Qadi Iyad explained that here we see another distinction between Salafi and Wasati opinion. Salafis believe Islam is the same and valid everywhere in the world at all times. Thus, fatwas can be taken from jurists in any country, as they should be valid everywhere. Wasatis say that jurists should not issue fatwas if they do not live among or have not experienced the situations of certain Muslim communities, such as Muslims in the West. They believe the actual practice of Islam is changing from time to time and place to place. Thus, an imam in Saudi Arabia should not issue a fatwa for a community with which he is not familiar, as that community operates under different conditions.
Changes in Islamic Belief and Practice in the West: A Case Study of Somali Migrants in Minneapolis and St. Paul, Minnesota
Teresa Harings, Master’s degree candidate, Tel Aviv University
Somalis began arriving in the U.S. in the early 1990s following the collapse of General Siyad Barre’s military regime in 1991. They fled instability, war, and famine. Most were processed as refugees or asylum seekers. Once accepted into the U.S., many Somalis were settled in Minnesota due to the high job availability in the state at the time and the capacity of social service groups to assist refugees. Today, there are at least 32,000 individuals of Somali origin living in the Minneapolis/St. Paul metro area, but the number could be significantly higher, as the U.S. Census tracks statistics on race and not ethnicity or national origin. The Somali diaspora community in Minnesota is the largest in the U.S. and one of the largest in the world.
Somalis are, by a vast majority, Sunni Muslims, and comprise over 60 percent of Minnesota’s Muslim community. In Minneapolis and St. Paul, there are today at least 38 mosques and 41 Islamic institutions, approximately half of which are Somali-run.
Traditional Islamic practice in Somalia seems to have focused more on mystical-spiritual relationships with God (i.e., forms of Sufism), and to have included some level of ancestor or saint veneration. Today, Islamic reform and revival in the Somali community appears to have brought the idea of textual authority to the forefront. The instability following the outbreak of civil war seems to have accelerated this trend, particularly in favor of more conservative and literal interpretations of scripture. In the diaspora, Sufism is on the wane, while orthodox Sunnism the dominant practice.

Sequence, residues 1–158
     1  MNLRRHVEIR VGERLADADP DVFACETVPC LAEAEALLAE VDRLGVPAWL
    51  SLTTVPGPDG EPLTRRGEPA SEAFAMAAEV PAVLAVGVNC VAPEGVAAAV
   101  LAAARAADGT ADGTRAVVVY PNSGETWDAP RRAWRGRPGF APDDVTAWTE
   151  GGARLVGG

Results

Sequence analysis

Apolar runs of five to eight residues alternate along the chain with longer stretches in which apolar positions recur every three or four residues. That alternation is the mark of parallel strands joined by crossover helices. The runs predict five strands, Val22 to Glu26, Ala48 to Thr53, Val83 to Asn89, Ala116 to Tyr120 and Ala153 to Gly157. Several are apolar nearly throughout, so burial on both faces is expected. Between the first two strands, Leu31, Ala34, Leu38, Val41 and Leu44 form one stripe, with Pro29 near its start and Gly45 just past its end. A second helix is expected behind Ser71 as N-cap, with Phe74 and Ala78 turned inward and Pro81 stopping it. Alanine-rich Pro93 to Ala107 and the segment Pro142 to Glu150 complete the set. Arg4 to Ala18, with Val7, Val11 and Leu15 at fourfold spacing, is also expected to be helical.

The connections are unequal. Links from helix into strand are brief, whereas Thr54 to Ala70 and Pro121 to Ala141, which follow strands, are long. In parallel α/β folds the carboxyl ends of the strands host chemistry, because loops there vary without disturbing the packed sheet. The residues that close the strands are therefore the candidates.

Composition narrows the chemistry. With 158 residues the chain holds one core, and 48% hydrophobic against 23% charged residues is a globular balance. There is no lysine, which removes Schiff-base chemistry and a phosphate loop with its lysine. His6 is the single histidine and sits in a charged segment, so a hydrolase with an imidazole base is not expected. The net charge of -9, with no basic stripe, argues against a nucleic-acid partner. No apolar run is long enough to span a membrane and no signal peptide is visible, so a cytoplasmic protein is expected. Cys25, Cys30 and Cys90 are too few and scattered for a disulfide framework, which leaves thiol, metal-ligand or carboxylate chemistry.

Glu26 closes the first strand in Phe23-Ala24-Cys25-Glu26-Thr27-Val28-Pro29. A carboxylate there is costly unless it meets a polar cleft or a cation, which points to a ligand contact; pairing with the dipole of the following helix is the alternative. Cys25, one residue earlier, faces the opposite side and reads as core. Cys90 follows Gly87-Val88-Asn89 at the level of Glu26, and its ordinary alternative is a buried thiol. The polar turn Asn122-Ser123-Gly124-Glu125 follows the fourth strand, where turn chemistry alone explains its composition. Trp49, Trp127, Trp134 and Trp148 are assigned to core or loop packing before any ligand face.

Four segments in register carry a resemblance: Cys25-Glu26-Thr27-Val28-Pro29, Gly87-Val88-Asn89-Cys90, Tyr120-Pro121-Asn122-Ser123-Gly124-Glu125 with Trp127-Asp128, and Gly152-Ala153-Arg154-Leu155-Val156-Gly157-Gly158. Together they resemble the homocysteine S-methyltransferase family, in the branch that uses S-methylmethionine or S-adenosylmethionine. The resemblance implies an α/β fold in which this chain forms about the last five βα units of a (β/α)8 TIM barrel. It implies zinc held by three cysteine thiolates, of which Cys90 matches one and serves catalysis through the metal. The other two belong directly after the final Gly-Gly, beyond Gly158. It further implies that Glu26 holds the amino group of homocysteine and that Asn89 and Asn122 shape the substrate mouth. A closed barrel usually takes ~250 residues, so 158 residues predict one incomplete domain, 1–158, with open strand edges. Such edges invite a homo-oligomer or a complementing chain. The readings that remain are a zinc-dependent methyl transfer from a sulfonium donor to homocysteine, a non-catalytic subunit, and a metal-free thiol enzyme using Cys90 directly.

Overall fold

Within the Somali diaspora, debates are starting to arise regarding who is qualified to interpret religious scripture. Can any imam interpret scripture and issue fatwas? Do all imams come to the same conclusions—e.g., are they “all the same”—or are there different interpretations, and if so, to whom do we listen? Can I, as the simple, less-educated individual (who does not speak or read Arabic), possibly interpret scripture correctly on my own? And so on.
We can see the influence of religious authority figures on the community—and Somalis’ various responses to these figures—in the following cases:
The relatively new phenomenon of most Somali women wearing hijab, particularly a certain type of hijab, and the trend of putting hijab on pre-adolescent girls. Somali girls traditionally did not wear hijab and only covered their hair upon marriage. Participants in the study revealed that since the mid-1990s, religious leaders and, through them, community members have been putting a great amount of pressure on young girls to wear a certain type of “big hijab.” But some Somali women are choosing to wear a different, less enveloping type of hijab as a sign of their freedom to interpret the Qur’anic injunction as they wish. Not wearing a hijab at all, however, seems not to be an option if a Somali woman wishes to be considered a good Muslim and to be accepted in her community.
Islamic teleconferences, most in the Somali language, in which Somali imams from the global diaspora issue fatwas specifically for the Somali diaspora. The teleconferences work to spread certain imams’ interpretations of religious scripture on a large scale. The conferences are said to be popular among the older Somali generation as well as stay-at-home mothers.
The 2006 Minneapolis cab driver fatwa, issued by the Muslim American Society of Minnesota, which declared that Muslim cab drivers (most of whom, in the Twin Cities, are Somali) may not transport passengers carrying alcohol as this involves “cooperating in sin according to Islam.” Many Muslim cab drivers refused to transport passengers due to this and similar earlier fatwas.
In response to customer complaints, the Airports Commission in charge of the drivers began debating an increase in penalties for refusal of passenger fares, leading to a showdown between the cab drivers and the Commission. Once the issue became public, another Islamic institute in Minnesota issued a counter-fatwa on the grounds of maslaha (public interest). Eventually, cab drivers either quit their jobs or found an excuse (possibly maslaha) to continue driving.
This case demonstrates, first, that there is a group of extremely conservative, Salafi-like imams in the community (the cab driver fatwa has not been issued in other U.S. cities); second, that there are also Wasati imams; and third, that it is possible, even in a country that prizes itself on religious freedom, to challenge the rulings of Islamic scholars within the context of Western businesses and social norms.